Pre-packaged, mass manufactured and the result of something else – Mark Ravenhill’s one-hour monologue delights in the many meanings of ‘product’. It’s a sourly brilliant satire on the crass commerciality of big-screen filmmaking, but it’s also a sharp look at the way the anodyne language of cinema informs the way we see ourselves in relation to the world.
In this first revival of the piece since Ravenhill himself performed it in 2005, also at the Fringe, Olivia Poulet is Leah, pitching a role in a new screenplay to unseen starlet Julia as if her life depended on it. The potential film is a car-crash of racial stereotypes and sub-Bridget Jones delusions of self-profundity. It’s a western fantasy of jihadism, of a torrid affair with a ‘dusky’ terrorist, featuring a cameo from Osama bin Laden.
Ravenhill hits his targets with laser-like precision. The script is littered with pitch-perfect parodies of film-speak, with Leah interrupting her flow to talk about ‘character beats’ and older female figures who – because, of course, they can no longer be sexual onscreen – will be ‘mentors’. It’s a mercilessly funny anatomisation of every awful default setting in Hollywood. And it’s also about the way that we distort and exploit the tragedies of the real world for our own ends – feasting on them as food for our own sense of self-importance. Media-inflamed tropes of terrorism are co-opted into ludicrous erotic fantasy by Leah’s dreadful film, which reduces 9/11 to a crude, obvious plot device.
Self-discovery and going on a ‘journey’ – Ravenhill strikes at the heart of mainstream modern cinema’s most insidious clichés, the lazy shorthand to seeming meaningful. Comically exaggerated Al-Qaeda plans to blow up Europe are simply window dressing to the ‘pain’ suffered by our heroine in the throes of love. There’s no political engagement – she’s little more than Carrie Bradshaw with a gun.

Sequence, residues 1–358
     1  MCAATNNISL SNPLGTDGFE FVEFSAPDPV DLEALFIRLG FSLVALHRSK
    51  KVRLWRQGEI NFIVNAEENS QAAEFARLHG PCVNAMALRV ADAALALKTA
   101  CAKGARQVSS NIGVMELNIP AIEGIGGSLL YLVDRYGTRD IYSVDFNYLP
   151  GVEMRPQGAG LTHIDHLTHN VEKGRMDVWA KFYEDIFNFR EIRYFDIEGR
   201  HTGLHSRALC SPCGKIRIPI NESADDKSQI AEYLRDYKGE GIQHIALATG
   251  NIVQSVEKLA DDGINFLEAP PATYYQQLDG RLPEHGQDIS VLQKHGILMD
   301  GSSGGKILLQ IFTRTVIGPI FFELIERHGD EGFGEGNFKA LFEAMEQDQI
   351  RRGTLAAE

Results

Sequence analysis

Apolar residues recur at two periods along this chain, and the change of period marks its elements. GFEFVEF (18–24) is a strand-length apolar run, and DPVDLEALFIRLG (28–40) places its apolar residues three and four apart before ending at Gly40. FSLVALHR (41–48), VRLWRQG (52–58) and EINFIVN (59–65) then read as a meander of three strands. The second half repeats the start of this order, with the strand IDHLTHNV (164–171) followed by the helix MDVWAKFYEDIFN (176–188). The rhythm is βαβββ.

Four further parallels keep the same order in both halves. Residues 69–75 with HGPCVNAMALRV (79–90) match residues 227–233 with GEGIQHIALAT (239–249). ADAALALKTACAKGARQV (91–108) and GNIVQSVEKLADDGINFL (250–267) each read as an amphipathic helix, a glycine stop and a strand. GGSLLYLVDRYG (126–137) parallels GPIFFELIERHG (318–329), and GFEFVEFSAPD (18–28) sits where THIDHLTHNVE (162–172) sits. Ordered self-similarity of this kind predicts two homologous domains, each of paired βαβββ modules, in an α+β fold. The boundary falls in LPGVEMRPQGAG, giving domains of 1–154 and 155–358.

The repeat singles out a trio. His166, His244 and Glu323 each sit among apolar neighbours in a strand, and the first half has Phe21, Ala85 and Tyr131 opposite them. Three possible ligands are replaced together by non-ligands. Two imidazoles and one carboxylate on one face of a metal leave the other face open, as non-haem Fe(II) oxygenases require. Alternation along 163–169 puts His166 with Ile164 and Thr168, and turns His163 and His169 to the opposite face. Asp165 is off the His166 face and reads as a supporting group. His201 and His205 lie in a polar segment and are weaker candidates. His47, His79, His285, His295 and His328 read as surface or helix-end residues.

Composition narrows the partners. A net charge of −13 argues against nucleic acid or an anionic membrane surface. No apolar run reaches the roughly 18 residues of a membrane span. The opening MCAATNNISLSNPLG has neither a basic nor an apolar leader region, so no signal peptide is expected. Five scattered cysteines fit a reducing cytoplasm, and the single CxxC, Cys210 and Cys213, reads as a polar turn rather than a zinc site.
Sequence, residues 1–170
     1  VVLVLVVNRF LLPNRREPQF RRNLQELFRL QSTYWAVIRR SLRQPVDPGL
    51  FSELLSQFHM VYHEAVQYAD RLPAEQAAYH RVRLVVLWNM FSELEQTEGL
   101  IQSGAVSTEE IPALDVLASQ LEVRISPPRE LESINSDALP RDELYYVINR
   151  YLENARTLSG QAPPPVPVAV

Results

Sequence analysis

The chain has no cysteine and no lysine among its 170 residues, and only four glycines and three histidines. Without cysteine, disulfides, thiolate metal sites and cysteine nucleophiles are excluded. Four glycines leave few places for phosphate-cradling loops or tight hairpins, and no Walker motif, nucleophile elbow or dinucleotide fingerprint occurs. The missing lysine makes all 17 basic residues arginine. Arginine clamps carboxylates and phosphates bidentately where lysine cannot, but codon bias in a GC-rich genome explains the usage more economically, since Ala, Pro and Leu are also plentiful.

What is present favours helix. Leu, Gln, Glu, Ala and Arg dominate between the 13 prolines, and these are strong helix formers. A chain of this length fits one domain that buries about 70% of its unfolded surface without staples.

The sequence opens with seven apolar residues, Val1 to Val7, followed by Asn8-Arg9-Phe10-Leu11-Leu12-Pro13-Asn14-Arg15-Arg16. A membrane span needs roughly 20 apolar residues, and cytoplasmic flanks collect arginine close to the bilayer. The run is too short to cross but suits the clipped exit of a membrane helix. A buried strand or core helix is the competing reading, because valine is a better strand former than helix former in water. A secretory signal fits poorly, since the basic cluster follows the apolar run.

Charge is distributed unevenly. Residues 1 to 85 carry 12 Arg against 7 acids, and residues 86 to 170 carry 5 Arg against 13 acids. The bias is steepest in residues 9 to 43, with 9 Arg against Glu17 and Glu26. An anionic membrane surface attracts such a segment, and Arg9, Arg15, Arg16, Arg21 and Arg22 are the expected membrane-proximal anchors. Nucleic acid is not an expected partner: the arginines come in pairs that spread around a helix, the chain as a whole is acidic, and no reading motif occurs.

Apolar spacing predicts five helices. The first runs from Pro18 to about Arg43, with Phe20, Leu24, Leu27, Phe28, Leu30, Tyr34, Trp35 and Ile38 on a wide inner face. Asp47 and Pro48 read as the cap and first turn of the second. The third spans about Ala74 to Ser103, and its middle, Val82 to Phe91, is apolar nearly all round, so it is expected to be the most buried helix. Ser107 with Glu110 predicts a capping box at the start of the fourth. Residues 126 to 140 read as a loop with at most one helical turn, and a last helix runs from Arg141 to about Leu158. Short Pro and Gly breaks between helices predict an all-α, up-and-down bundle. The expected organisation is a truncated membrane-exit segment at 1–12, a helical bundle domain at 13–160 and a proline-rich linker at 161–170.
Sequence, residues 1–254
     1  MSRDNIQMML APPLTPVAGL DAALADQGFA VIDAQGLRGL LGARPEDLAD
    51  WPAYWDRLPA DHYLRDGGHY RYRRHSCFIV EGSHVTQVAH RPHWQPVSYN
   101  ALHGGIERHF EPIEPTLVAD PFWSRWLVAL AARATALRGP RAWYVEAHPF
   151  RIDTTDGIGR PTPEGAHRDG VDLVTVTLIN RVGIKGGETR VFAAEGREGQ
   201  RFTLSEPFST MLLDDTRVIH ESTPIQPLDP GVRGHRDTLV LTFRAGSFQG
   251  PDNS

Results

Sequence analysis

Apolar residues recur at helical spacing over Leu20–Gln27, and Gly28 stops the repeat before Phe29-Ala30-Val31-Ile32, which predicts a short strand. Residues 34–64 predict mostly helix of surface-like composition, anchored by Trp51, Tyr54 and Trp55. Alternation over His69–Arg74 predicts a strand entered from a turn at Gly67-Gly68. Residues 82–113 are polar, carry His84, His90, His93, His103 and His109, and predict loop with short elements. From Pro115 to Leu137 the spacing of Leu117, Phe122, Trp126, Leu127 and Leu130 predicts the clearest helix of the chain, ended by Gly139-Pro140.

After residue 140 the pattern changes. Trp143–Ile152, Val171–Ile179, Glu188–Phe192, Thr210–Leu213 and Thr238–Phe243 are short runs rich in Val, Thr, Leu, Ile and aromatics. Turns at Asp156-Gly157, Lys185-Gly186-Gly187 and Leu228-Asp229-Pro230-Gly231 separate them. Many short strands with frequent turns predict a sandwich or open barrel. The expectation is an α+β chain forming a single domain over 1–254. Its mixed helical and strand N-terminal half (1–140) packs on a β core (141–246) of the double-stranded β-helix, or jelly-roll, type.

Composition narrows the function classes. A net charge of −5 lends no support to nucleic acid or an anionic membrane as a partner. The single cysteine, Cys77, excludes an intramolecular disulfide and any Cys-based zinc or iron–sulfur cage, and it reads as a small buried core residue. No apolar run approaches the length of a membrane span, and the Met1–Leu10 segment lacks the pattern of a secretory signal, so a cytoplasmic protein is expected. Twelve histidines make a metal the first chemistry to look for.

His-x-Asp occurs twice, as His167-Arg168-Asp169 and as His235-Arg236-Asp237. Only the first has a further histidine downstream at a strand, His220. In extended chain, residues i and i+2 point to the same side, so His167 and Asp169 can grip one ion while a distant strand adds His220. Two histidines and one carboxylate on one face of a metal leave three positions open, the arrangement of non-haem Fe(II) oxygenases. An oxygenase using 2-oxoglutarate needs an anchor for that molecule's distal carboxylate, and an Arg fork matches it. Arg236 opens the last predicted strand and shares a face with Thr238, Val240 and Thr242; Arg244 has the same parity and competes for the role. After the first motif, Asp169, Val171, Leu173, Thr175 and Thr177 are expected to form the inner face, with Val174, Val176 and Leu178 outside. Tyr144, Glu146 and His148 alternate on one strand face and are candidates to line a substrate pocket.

But as sharp and engaged as Product is, it would be easy for it to come across as glib – just a clever writer being clever. What makes Robert Shaw’s production something more is Poulet’s nuanced performance as Leah. First off, her comic-timing is great. She excels at conveying nervy, faked chumminess and sells the unseen starlet’s clear lack of interest in the film with each faltering pause and every shrill claim about its award-winning potential.
But what Poulet does particularly well is to hint at an undertow of desperation that goes beyond someone simply trying to salvage their career. As she immerses herself in her pitch, eyes closed, there’s a profoundly sad sense that Leah shares the feelings she imputes to the film’s heroine. George Tarbuck’s lighting emphasises this, changing colour and spotlighting her as she drops into a private fantasy world.
As a result, Leah in some ways becomes as much a victim of the world Ravenhill is skewering as a cynical caricature of it. The ultimate effect of this is to ground the resulting monologue and the issues it so skilfully and playfully lays out before the audience in an even sadder and more depressing place.